In a way, I'm in the same boat now. I'm not sick anymore (I continue to praise God for this), but I'm preparing to try to make something new out my life, which currently feels disjointed. There are a lot of good things my life, but none of them are matched up neatly right now. I constantly have one foot in Ocean Springs and one foot in Hattiesburg, so I feel like I'm not fully a part of either one. Alex and I are growing closer (and happier, and better at working together), but I'm still an hour and a half away and see him only on weekends. I'm a member of a new church (more on this later), but I can't be there regularly. I'm planning (ok, helping to plan) a wedding and a move, but I still haven't guaranteed an internship that is close to the place I'm moving to. I'm trying to maintain relationships with happily unattached friends whom I can identify with less and less but whom I love and want to relate to. I'm jumping through the hoops of grad school even though my mind is not usually in the game. I'm struggling to complete a research project that I care very little about while wanting to focus more on my clients whom I care very much about. All these pieces are just not creating the whole, singular, beautiful, unified picture that my heart longs to be. That is why I have come back to finding solace in putting paper pieces together again--it reassures me that I will be put together too, soon enough.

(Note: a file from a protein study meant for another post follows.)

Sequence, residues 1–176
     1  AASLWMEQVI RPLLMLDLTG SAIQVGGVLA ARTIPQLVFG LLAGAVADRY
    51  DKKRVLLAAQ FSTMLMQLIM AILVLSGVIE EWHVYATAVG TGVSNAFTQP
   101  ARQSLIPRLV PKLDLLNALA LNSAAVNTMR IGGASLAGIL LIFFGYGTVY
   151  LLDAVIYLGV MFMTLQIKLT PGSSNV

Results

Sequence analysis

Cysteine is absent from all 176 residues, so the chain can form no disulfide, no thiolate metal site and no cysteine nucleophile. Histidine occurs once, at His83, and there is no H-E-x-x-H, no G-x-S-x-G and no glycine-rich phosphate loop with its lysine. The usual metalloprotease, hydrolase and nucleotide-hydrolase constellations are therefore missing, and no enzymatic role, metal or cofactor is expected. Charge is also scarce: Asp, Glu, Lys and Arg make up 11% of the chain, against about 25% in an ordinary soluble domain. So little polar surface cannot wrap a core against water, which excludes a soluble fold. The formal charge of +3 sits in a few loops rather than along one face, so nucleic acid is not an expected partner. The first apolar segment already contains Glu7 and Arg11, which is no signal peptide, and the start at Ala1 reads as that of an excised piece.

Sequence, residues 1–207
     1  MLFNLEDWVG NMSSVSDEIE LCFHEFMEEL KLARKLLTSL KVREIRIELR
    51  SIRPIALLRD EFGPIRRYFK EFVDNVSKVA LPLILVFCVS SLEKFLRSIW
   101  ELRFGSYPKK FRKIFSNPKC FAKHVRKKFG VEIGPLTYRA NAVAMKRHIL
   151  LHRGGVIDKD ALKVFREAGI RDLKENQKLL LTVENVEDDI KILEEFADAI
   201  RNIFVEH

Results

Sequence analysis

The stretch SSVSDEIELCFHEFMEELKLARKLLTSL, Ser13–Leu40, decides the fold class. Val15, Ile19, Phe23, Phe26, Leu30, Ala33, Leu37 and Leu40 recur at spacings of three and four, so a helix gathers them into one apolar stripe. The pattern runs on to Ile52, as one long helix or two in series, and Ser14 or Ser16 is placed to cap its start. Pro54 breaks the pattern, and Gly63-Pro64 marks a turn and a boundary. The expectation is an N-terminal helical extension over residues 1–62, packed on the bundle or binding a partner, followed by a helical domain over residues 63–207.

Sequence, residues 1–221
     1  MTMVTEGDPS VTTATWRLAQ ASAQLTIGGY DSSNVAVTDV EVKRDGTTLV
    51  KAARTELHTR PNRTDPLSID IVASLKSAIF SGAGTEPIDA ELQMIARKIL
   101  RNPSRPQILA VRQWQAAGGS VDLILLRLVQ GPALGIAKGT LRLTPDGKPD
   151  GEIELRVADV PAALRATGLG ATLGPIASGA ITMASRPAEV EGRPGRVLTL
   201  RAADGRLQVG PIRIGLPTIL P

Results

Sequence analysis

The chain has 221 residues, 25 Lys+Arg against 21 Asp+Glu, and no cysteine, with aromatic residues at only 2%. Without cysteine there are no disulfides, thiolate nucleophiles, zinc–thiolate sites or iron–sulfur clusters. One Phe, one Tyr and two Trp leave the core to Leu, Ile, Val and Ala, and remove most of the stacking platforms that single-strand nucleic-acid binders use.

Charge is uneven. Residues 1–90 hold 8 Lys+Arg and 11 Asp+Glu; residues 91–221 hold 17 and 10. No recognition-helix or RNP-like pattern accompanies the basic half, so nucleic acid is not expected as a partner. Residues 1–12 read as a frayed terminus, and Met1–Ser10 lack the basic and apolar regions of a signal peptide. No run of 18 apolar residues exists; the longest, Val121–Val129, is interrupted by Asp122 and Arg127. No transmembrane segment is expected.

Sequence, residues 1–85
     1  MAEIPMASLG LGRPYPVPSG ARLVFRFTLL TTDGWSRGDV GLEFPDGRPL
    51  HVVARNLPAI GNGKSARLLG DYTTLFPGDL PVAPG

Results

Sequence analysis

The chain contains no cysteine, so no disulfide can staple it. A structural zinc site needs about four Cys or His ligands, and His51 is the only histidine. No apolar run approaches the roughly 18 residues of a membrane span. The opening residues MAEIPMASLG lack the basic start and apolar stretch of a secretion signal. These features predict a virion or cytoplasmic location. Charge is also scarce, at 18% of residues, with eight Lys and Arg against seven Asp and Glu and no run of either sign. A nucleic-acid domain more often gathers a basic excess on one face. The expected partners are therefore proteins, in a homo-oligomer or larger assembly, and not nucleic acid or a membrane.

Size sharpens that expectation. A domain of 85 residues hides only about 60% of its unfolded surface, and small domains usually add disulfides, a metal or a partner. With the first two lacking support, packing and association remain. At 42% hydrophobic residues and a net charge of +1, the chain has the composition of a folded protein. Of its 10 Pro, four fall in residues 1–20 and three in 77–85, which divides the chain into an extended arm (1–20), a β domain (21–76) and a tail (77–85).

Here is one of my new creations:
It's my favorite Bible verse, Romans 12:2. I love these words because they speak to a part of faith that many people seem to overlook (or miss out on) but that has been powerfully and beautifully real to me. Christianity, too often for my taste, is characterized chiefly by "touchy-feely," emotional things or by outward, behavioral events. Too often, faith in Christ is seen as something that disagrees with intellect. This may be true in some cases at some times, but I have found that my richest and clearest experiences with God have been when I think--question, wrestle, wonder, study, try to figure it out. I recognize that I will never "arrive" (at least not in this earthly life), but I cannot imagine missing out on this journey.
Lord Jesus, please let Lent be a time of renewal despite the countless distractions; please restore my faith in your perfect will. Amen.
I am really, really excited about getting married. I am excited about having a husband and being a wife and sharing everything and being partners. I really am.
But I am not excited about being named Sara Miller. Not at all. I love, love, LOVE my last name, and I am very conflicted about changing it. I've been thinking about it for a long time and I thought I would've had it all sorted out by now, but I still don't know what to do.